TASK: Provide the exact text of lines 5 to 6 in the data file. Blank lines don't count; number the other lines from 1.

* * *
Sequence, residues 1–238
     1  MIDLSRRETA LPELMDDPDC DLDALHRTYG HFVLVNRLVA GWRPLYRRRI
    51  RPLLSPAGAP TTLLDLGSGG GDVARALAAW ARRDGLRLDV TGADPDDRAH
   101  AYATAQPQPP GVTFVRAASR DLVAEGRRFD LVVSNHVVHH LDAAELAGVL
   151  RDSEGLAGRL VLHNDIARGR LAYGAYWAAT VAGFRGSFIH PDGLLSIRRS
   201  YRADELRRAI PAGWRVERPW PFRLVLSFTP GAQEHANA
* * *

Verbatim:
   151  RDSEGLAGRL VLHNDIARGR LAYGAYWAAT VAGFRGSFIH PDGLLSIRRS
   201  YRADELRRAI PAGWRVERPW PFRLVLSFTP GAQEHANA